Car title loan interest charges are often confusing to many borrowers. One of the most confusing aspects when getting a title loan is the interest rate term.

Since the interest rate determines the interest charges, making sure you fully understand this is critical to understanding what your title loan will cost and why.

The confusion is usually related to the fact that most title loans are communicated using the monthly interest rate versus the more common Annual Percentage Rate (APR).

Because of this it can be very confusing to determine what rate the lender is actually charging.

This confusion often results in title loan customers being surprised by the actual cost of the loan. To minimize this confusion, and even eliminate it, make sure to understand the monthly rate.

## Reason for Confusion:

The main reason for confusion is the use of the monthly interest rate by most car title lenders. This includes both iin person or storefront lenders and online title loan companies.

Many borrowers are not familiar with the monthly interest rate and confuse it with the more common Annual Percentage Rate (APR). After all, the APR is what most other loans use.

### Monthly Rate – Where did it Come From?

So where did the monthly rate come from and why do lenders use it if it is so confusing?

The answer is when title loans first started the majority where for a period of 30 days or one month. This made using the monthly interest rate relevant. It also made the finance charge easier to calculate.

For example, a $1,000 loan with a monthly rate of 10% had a total interest of 10% of $1,000, or $100.

Since most loans where one month, the monthly rate made a lot of sense. It was fairly easy for both lenders and borrwers to estimate the finance charges for the loan by multiplying the monthly rate by the principal.

Over time, title loans started to both roll over for months and also some states began introducing monthly installment loans. These loans are amortized and have monthly payment.

Most of us are used to comparing these loans using the term Annual Percentage Rate (APR).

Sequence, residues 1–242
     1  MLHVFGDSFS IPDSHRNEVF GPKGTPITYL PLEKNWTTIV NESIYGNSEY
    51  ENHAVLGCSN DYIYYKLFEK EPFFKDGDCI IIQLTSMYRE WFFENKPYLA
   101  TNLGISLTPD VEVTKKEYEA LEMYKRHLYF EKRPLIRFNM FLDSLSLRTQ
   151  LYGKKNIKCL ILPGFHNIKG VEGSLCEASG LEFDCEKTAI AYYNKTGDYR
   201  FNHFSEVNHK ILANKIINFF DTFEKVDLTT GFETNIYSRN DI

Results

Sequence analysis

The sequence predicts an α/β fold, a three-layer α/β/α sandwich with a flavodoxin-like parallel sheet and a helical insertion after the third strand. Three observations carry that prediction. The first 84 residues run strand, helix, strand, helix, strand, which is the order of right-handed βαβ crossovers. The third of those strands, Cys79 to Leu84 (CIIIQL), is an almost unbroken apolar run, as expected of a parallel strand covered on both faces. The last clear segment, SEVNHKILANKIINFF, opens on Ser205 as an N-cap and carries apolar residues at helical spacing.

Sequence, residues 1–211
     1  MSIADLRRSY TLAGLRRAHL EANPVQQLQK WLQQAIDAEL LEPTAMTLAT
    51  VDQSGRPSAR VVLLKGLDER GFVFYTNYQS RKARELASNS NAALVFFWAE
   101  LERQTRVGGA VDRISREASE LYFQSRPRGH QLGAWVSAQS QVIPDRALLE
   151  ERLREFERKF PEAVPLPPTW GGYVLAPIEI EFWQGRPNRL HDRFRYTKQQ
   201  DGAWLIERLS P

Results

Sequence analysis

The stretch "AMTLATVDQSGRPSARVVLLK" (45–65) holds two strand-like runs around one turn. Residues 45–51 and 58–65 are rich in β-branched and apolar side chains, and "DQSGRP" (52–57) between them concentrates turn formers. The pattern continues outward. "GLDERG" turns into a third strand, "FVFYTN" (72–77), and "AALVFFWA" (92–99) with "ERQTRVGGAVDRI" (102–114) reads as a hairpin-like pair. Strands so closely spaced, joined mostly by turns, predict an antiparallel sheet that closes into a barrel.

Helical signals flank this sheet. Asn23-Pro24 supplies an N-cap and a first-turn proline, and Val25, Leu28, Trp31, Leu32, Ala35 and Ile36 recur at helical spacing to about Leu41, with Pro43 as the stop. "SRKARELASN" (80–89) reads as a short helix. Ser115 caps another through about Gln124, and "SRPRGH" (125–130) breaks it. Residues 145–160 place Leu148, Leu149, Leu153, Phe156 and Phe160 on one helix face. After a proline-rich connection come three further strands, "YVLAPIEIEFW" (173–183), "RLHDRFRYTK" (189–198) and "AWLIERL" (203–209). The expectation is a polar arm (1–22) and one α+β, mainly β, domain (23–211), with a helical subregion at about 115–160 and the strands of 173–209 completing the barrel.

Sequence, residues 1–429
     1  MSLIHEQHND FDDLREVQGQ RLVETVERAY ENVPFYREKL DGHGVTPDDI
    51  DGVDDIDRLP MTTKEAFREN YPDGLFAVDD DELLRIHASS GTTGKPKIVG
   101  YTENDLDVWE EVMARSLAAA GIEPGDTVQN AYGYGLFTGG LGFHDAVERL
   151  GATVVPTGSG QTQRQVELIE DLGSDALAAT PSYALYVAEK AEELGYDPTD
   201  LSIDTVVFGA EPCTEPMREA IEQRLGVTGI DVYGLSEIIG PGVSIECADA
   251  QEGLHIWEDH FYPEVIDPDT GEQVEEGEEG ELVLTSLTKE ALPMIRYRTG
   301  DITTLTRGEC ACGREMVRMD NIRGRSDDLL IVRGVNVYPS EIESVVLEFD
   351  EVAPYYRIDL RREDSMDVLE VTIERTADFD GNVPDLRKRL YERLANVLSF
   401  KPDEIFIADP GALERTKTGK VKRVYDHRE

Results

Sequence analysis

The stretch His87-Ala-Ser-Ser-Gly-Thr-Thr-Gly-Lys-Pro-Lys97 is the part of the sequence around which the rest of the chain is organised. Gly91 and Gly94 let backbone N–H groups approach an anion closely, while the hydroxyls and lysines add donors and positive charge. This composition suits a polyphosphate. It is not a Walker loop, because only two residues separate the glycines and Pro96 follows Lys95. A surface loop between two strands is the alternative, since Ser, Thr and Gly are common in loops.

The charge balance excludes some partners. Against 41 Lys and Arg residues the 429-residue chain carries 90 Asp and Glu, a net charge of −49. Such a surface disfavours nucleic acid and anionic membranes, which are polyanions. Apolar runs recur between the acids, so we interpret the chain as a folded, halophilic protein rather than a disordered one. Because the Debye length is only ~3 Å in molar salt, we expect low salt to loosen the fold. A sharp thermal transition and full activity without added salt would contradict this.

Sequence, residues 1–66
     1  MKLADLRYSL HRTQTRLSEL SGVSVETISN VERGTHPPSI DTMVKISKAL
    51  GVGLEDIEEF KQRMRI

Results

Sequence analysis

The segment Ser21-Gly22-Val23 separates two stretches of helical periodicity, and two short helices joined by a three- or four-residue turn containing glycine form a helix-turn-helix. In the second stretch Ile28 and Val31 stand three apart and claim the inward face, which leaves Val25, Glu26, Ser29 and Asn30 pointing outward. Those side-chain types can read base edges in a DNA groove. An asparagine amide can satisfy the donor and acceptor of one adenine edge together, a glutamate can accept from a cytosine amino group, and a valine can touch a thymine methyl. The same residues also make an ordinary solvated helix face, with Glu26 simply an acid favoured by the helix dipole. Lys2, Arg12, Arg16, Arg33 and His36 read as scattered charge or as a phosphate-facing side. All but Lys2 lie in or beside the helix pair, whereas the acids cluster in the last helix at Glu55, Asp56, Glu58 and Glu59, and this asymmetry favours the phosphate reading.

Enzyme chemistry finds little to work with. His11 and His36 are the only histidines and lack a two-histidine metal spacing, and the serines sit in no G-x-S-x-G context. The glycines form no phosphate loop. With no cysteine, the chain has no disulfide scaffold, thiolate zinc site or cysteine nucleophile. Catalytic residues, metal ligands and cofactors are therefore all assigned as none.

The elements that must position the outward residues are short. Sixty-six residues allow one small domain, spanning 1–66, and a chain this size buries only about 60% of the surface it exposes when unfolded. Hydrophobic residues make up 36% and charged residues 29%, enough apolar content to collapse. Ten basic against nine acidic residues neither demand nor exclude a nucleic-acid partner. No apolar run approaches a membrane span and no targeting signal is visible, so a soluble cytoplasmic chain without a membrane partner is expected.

## Annual Percentage Rate (APR)

Why is this confusing? Because just about every other loan is quoted using the more common and more standard Annual Percentage Rate, or APR.

When you go to buy a new car, house, or just about anything else, interest is communicated using APR. This makes it easy to compare different loans from different lenders.

## What is a Monthly Interest Rate?

A monthly interest rate is the rate that interest accrues each month. It is similar to the APR in the sense that it applies to a fixed timed period and is expressed as a percentage.

## Title Loan Amortization

Much of the confusion with car loans and APR can be directed towards amortization. This is when a loan is broken into equal monthly payments. Most loans we are used to are amortized. A few examples include:

- Cars – New and Used
- Homes – Mortgages are amortized
- Appliances

Many loans with monthly installments are amortized. This is why you can’t simply multiply the APR by the principal balance to calculate interest for an amortized loan. The principal balance changes every month.

You can, however, multiple the principal balance times the monthly interest rate to calculate interest for that month. This makes some title loans easy to calculate once you understand that concept. Read our tutorial for a full explanation on title loan interest.

Additionally, title loans are available for more than just cars, This includes motorcycles, trucks, and classic cars.

## Using the APR

Unlike the monthly rate for a 30 day loan where we could simply multiply the loan amount by the total borrowed; with an amortized loan we cannot do this. To illustrate, let’s take a $1,000 12 month loan with a 120% APR.

If we multiply 120% by $1,000 we get $1,200. Using this math and logic, this would mean the loan cost us $1,200 in interest. Unfortunately this is not the case.

The reason: Because the loan is amortized we are making payments every month. A portion of the payment is applied to the principal each month, which reduces the principal.

This reduction in principal reduce the amount of interest that accrues each month. This process continues until the loan is paid off. To learn more and see some examples see our post on how to pay off your title loan fast.

## Comparing Title Loans

One important aspect to consider related to interest rates is to make sure to compare APR to APR and Monthly Rate to Monthly Rate. If one lender charges 12% per month, and another charges 100% APR, the lender that charges 100% APR is actually the better deal.

## Converting Rates

You can convert the Monthly Rate to APR by multiplying the monthly rate by 12. You can also convert APR to the Monthly Rate by dividing by the APR by 12. The table below shows some examples:

Monthly Rate % | APR % |

6 | 72 |

8 | 96 |

10 | 120 |

12 | 144 |

16 | 192 |

20 | 240 |

## Truth In Lending (TIL) Statements and Title Loans

The majority of title lenders are required to provide Truth in Lending (TIL) statements as part of the title loan agreement. The TIL statement standardizes the cost of credit and provides a summary of important loan information including the interest rate. Learn how to use a TIL to shop for a title loan.

## Conclusion

Car title loan interest can be and often is confusion. One way to limit and help minimize the confusion is to understand the difference between monthly interest rates and APR.

This is the first step to understanding how title loan interest works. We have a page dedicated to explaining title loan interest. Doing so will make sure you are aware of what you are being charged each month and why.